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Judge Orders Co-Founders Of New York Development Firm To Stop Firing Each Other

The construction site for Myrtle Point, Arch Cos.' development at 1607 Woodbine St. in Ridgewood, Queens, in August 2022.

After a spat between Jeffrey Simpson and Jared Chassen wound up with both Arch Cos. founders in court, a judge called the dispute “childish” and ruled that the pair must try to work together again.

The disagreement began in early August, according to court documents. Chassen locked Simpson out of the company’s emails, its First Republic bank accounts and its Greenwich Village office, but Simpson alleges he had fired Chassen a day earlier for refusing to take a pay cut, The Real Deal reported.

“I don't see why it would be so hard to trust two individuals who up until a month or a month and a half ago worked together smoothly and are people with reputations in this business,” New York Supreme Court Justice Joel Cohen said in a court order

Simpson and Chassen launched Arch in 2017 after working together at Greystone. Its projects include a SoHo residential property at 11 Greene St., a 17-story mixed-use residential development in Ridgewood and the acquisition of a Greenwich office building where WeWork’s Adam Neumann is a co-owner, per The Real Deal. 

Arch Cos. has a portfolio of over $1B in real estate, including more than 5,000 multifamily units, plus office and retail assets, according to its website. 

Arch’s troubles reportedly began last year, after the Federal Reserve’s rate hikes meant fewer acquisition deals and greater dependence on fees from the company’s property management arm.

But another factor is potentially at the root of some disagreements: a series of costly lawsuits that Arch is involved in. Arch alleged in a lawsuit that its partner at its SoHo residential property, 11 Greene St., owed Arch money.

The firm also sued Meir Babaev, a partner on another project in Ridgewood, Queens, claiming Babaev had misrepresented the status of the development. Arch is also tied up in a lawsuit over a UCC foreclosure in Flatbush, Brooklyn, where the property owner, Eli Karp, allegedly entered into a lease agreement without permission from Arch, which was the property’s lender.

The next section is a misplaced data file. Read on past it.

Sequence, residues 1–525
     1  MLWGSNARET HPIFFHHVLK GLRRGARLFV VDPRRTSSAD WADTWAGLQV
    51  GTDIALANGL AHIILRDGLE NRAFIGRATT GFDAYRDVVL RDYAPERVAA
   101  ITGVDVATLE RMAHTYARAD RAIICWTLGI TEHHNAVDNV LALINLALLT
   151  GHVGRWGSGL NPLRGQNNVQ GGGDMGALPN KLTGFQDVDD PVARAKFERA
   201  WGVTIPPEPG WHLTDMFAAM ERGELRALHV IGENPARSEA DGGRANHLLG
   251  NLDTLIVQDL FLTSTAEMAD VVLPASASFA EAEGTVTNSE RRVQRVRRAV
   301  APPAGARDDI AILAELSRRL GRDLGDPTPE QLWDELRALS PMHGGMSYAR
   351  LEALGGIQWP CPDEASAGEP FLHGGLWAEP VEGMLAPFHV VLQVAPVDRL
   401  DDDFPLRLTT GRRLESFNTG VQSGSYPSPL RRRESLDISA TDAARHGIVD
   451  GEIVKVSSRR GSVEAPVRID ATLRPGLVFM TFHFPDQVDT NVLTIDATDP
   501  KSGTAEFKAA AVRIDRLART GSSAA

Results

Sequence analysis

Those suits were allegedly a source of displeasure for 35 Oak, Arch’s main investor and the guarantor of some of the firm’s loans, which told Simpson he had breached fiduciary duty. Simpson threatened to “blow the company up” if 35 Oak “didn’t stop messing” with him, Chassen alleges in the lawsuit between the two men.

The pair have been sparring in court since mid-August, with Simpson calling Chassen’s actions “a coup d’etat.”

Chassen claims he confronted Simpson about his decisions and misappropriating funds. But Simpson claims that he fired Chassen on Aug. 5, a day before Chassen claims the confrontation took place.

A judge’s order restored Simpson in his position at the firm, but Simpson then fired Chassen. A judge reinstated Chassen to the company in mid-September.

“I’m really kind of flabbergasted by this,” Cohen said of the firings. “I don’t get surprised by too many things.”

Cohen also called the dispute “frankly sort of childish” and reiterated his request for the pair to work together in good faith. But Chassen and Simpson may not comply, according to The Real Deal: Simpson’s lawyer told the court his client was unwilling to have a conversation about anything besides Chassen’s departure from Arch.